Daring Julian Alaphilippe ‘unplugged brain’ to cling to Tour de France lead

SAINT-MICHEL-DE-MAURIENNE, France — With the Alps spread like giant teeth in front of him and rivals speeding away, seeking to steal the precious yellow jersey off his shoulders, Julian Alaphilippe switched off the part of the brain that stops normal people from taking death-defying risks.

Because the French rider is no normal person. And downward he plunged, flying through hairpin bends on tires barely wider than his thumb. The lunar-like landscape of giant slopes of barren scree became a blur as he hit top speeds of nearly 55 mph.

“It was a day of folly,” Alaphilippe said. “I unplugged my brain and I was on the limit on each bend. I did a crazy descent, where I took risks. I wanted to save my jersey.”

Job done. With one big Alpine stage completed and two more to go, Alaphilippe is still in yellow and one step closer to delivering a first Tour de France title since 1985 to his country, crossing fingers, toes and everything else that he makes it through the mountains to Paris on Sunday still in the lead.

“We’re all dreaming of that. Even I’m starting to imagine it,” he said.

Continuing to contribute more than anyone to making this the most exciting Tour in decades, Alaphilippe recovered from a mini-wilt on a lung-burning ascent to 8,668 feet above sea level on the Galibier pass and then rode like a fury downhill on the other side as if his jersey depended on it.

Which it did. With a decisive, well-placed attack on the slopes of the Galibier — the last of three climbs to above 6,500 feet on Stage 18 — Colombia’s Egan Bernal got away from Alaphilippe and ate into his lead.

Alaphilippe, though, is like a dog with a bone when it comes to that iconic shirt. He has worn it for 13 stages at this Tour, the most by any French rider at a single edition since Bernard Hinault held it for 17 days in winning the race for a fifth time in 1985.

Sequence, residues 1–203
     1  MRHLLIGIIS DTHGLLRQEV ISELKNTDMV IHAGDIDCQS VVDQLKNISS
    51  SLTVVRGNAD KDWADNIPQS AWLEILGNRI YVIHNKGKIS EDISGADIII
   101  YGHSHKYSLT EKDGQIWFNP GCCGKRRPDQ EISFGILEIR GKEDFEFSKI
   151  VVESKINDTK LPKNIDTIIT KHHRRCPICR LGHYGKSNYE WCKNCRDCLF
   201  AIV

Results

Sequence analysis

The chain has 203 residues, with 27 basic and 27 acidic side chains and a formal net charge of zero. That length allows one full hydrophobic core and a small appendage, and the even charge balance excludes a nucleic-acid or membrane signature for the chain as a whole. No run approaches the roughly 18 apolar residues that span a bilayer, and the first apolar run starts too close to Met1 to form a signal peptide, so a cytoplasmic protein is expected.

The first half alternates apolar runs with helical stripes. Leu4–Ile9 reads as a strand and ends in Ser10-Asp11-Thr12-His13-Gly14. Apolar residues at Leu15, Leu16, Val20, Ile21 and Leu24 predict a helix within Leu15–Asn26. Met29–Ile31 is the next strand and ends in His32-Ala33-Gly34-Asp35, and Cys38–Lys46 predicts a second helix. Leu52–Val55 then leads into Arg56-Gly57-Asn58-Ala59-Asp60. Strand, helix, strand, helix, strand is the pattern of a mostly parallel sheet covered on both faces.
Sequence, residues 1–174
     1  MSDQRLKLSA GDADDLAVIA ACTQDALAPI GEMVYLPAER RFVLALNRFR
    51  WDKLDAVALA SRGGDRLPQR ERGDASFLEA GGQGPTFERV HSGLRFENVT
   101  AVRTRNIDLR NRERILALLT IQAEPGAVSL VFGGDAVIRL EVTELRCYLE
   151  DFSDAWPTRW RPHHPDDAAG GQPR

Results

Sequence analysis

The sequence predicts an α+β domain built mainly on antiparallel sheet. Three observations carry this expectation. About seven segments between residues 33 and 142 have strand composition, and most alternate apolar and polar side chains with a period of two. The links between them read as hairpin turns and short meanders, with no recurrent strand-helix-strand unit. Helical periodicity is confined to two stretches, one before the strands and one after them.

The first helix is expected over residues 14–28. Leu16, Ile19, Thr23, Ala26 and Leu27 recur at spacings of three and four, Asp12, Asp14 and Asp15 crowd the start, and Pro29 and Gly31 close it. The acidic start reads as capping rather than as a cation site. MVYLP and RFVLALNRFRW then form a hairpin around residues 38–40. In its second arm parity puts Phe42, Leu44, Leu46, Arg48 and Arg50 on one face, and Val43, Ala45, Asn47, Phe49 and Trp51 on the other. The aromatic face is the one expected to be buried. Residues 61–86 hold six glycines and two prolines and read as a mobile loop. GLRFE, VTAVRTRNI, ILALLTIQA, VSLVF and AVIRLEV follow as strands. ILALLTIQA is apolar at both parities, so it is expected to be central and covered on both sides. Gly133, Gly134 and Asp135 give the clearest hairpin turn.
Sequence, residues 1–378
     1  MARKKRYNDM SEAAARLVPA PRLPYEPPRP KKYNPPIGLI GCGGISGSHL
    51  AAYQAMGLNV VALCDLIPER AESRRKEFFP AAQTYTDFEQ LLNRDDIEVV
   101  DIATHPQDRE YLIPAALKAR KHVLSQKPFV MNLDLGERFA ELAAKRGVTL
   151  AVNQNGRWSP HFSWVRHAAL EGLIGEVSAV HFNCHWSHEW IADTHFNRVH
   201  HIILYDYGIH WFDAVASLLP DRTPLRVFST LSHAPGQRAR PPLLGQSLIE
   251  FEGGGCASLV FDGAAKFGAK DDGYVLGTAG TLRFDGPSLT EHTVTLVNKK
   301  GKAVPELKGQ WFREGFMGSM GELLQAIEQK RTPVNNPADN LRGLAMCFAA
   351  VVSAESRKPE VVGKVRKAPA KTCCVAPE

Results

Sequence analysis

The upside for rivals trying to wrench it from his jaws is that the last two Alpine stages to the ski stations of Tignes and Val Thorens both finish with punishing ascents, meaning there’ll be no downhill on which to recover for Alaphilippe, as he did Thursday, if he again cracks going uphill.

Bernal’s reward for speeding away from Alaphilippe on the grind to the top of the Galibier was a jump from fifth to second in the overall standings. Having started the day 2 minutes, 2 seconds behind Alaphilippe, Bernal is now just 90 seconds behind him, breathing down his neck and making an already thrilling Tour only more uncertain in its outcome after more than 1,850 miles of racing through Belgium and France.

“It’s very good for the morale, but Julian demonstrated once again that he is very strong,” Bernal said. “Everything is possible. I’m in the mix but to win the Tour is difficult.”

Bernal’s Ineos teammate, defending champion Geraint Thomas, tried to make it a one-two punch on the Galibier by also attacking on the last hairpins leading to the top, lined by thick, cheering crowds.

Thomas couldn’t make his offensive stick. Alaphilippe caught him again on the downhill to the finish. Thomas is still 1:35 behind Alaphilippe,but slipped back to third overall.

Colombian rider Nairo Quintana got his first stage win of this Tour, and third of his career, flying away from everyone on the Galibier and putting some color back into what had been an underwhelming Tour for the two-time runner-up. Quintana vaulted from 12th overall to seventh, now 3:54 behind Alaphilippe.

Although his lead has shrunk, with Bernal and Thomas applying pressure from both sides, Alaphilippe continues to make converts to what is now a legion of hopeful believers with each step closer to the Champs-Elysees.

“No matter where I finish in Paris, this Tour will have left a mark on French people,” he said, “and I’ll have learned a lot about myself.”

John Leicester is an Associated Press writer.

This post was originally posted at https://www.sfgate.com/sports/article/Daring-Julian-Alaphilippe-unplugged-brain-14151796.php.

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